If you just read that in a bad spanish accent (even in your head), then you know the strong appeal of Inigo Montoya. He’s trained his entire life to avenge his father’s death. He’s focused, dedicated, passionate, and completely obsessed with fulfilling his life’s work — finding and killing Count Rugen — and nothing else can side-track him for long. Plus, he’s a legend with a sword.

Silk (Prince Kheldar) – The Belgariad by David Eddings

Silk is open and honest about what he is — a thief, a liar, and a sometime con-man. But whatever you do, don’t call him a “sneak”. He usually comes across as sardonic, quick-witted, self-confidant and cynical, and can turn almost any situation to his advantage. But every now and then (especially when he’s been drinking), his mask slips and he reveals himself to be a deeply troubled and often insecure man. He was the first to teach Garion the thieves cant, and willingly took up a role as the boy’s teacher. But he also has a habit of making sarcastic and outrageous comments just to irritate the asker. He’s an old-school ‘thief with a heart of gold’.

(As a note, I specifically tried to remember female characters that I’d aspired to be like, but I couldn’t come up with a single one. Perhaps that’s a commentary on my personality, or perhaps it’s just a commentary of the types of female characters that were around in the late 80s.)

Well, I can assure you that I’m not the leader of a PI firm, a potentially suicidal actor, a “really together” party animal, a swordswoman, or a good-hearted thief. On the other hand, I am:

  • prone to believing that the proper application of logic can solve any problem.
  • passionate about my writing and willing to fight for my right to do it, regardless of the expectations of others.
  • likely to resort to annoying people when I’m bored.
  • goal-oriented, focused and dedicated to achieving anything I set my mind to.
  • alternately described as being cynical and sarcastic, or a great teacher and leader.

So maybe I learned something from them after all.

Who did you want to grow up to be like when you were that age?

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Crafting Characters – Where Did I Come From?

Last week I talked about the importance of having authentic characters, and shared an example of how to interview characters to get a better understanding of their personalities. I’ll continue talking about crafting characters this week, but this time from the perspective of a character’s backstory.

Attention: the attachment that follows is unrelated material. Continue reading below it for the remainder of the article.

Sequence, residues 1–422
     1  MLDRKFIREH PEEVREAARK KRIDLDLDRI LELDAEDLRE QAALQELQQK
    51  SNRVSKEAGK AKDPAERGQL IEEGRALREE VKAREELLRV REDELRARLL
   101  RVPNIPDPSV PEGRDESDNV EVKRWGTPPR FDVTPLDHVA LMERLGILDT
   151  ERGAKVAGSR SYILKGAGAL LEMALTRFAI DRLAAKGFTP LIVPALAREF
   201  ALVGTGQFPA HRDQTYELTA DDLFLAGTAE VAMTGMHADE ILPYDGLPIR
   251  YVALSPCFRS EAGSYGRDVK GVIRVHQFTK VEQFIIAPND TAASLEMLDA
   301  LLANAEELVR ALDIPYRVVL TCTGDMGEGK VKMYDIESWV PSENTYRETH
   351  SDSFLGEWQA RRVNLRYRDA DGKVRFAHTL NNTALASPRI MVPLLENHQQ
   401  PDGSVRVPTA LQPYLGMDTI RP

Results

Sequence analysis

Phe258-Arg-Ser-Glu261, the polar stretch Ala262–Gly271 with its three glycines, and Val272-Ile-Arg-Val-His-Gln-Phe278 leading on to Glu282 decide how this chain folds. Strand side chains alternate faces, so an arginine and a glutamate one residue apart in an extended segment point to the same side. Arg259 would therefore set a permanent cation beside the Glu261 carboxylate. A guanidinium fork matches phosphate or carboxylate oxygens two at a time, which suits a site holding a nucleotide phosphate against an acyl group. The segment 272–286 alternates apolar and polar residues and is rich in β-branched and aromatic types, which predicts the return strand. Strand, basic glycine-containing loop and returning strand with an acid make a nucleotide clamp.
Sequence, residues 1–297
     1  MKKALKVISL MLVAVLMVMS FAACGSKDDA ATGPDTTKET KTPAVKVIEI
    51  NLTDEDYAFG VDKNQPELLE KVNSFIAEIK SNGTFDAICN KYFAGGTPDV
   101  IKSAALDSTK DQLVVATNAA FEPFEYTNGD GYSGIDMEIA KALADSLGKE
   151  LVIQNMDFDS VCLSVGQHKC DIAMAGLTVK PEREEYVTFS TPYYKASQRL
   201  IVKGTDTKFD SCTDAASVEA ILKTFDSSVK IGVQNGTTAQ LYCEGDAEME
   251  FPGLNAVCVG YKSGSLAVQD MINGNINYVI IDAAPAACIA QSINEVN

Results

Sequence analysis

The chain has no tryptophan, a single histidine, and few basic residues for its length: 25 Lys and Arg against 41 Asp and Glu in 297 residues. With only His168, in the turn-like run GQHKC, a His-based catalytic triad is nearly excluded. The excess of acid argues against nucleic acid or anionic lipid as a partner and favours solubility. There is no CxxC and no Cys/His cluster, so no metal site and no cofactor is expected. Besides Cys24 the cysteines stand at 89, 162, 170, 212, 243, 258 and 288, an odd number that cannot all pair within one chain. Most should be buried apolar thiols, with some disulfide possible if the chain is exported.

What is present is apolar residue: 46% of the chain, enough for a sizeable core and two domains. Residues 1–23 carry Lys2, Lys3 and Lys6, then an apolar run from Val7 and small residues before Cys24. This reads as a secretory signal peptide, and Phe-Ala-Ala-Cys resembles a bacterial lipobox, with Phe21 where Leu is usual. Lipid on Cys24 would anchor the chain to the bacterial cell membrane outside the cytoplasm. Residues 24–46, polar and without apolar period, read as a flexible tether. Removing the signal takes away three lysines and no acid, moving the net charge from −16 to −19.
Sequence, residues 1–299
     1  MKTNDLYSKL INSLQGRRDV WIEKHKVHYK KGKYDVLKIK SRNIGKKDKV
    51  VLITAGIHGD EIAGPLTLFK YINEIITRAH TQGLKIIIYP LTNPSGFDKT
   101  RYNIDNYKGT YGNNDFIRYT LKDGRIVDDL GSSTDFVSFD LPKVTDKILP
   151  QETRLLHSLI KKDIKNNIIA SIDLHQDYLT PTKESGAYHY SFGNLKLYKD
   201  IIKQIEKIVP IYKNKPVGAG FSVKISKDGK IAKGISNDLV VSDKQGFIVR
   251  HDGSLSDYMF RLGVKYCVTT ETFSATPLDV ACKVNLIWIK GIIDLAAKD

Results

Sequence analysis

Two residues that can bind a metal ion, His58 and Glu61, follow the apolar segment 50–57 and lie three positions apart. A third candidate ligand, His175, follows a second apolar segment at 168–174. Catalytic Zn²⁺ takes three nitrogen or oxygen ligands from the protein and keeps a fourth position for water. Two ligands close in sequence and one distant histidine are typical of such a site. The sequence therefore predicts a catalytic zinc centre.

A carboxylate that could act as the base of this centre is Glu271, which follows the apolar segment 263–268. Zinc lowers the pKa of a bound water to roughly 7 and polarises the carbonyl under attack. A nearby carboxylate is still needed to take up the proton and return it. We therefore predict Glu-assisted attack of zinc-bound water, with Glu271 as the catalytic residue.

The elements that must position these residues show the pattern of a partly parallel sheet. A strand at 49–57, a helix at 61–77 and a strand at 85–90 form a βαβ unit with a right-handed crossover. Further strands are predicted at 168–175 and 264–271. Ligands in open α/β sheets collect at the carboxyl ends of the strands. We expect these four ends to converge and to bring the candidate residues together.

Much like real people, characters don’t spring fully formed out of the ether as heroes, villains, or something in between. There’s a reason they have the personalities that they do. For example:

Was your hero an underpriveleged child? Was his beloved father a cop? Did his horrible aunt and uncle force him to live in a cupboard?

Was your villain tormented as a child? Was he a spoiled rich kid? Was his innocent father shot by a crooked cop? Was his father a villain?

These are important details to know, and it can be worth writing a brief summary of your character’s life before you start writing. That way you can also make sure that it doesn’t end up like this:

  • Bob grew up with loving parents. He had 3 siblings – all sisters, and all older than him. He was always his mother’s “little boy” and was spoiled by her and his sisters for most of his childhood. He had a great relationship with his father, and they spent a lot of time fishing and throwing a football around.
  • It was really hard for Bob to leave his family home and go off to college, but he really wanted to be a lawyer. He spent every break with his parents, and one or another of his sisters would often visit as well.
  • When Bob graduated, he went to work at a law firm, and was incredibly successful.
  • Bob decided to become a serial killer, and started hunting down and killing prostitutes.

Hands up if you think that makes sense.

Hands up if you think it’s ridiculous.

You don’t need a degree in psychology to understand that a well-adjusted guy with a Supportive family, no childhood trauma, and great prospects is highly unlikely to turn into a serial killer for no reason. (Please don’t give me real life examples of where this has happened. Real life doesn’t have to make sense – fiction does.)  If you were writing this summary of Bob’s life, no doubt you’d either change some of the details of his upbringing, or add an instigating event that triggered this psychopathic/sociopathic behaviour.

On the other hand, have you ever read or written a story where the story/character arc goes something like this:

  • A serial killer is targeting prostitutes. The cops/FBI/PI/random hero has a limited amount of time to figure out whodunnit and stop the next murder.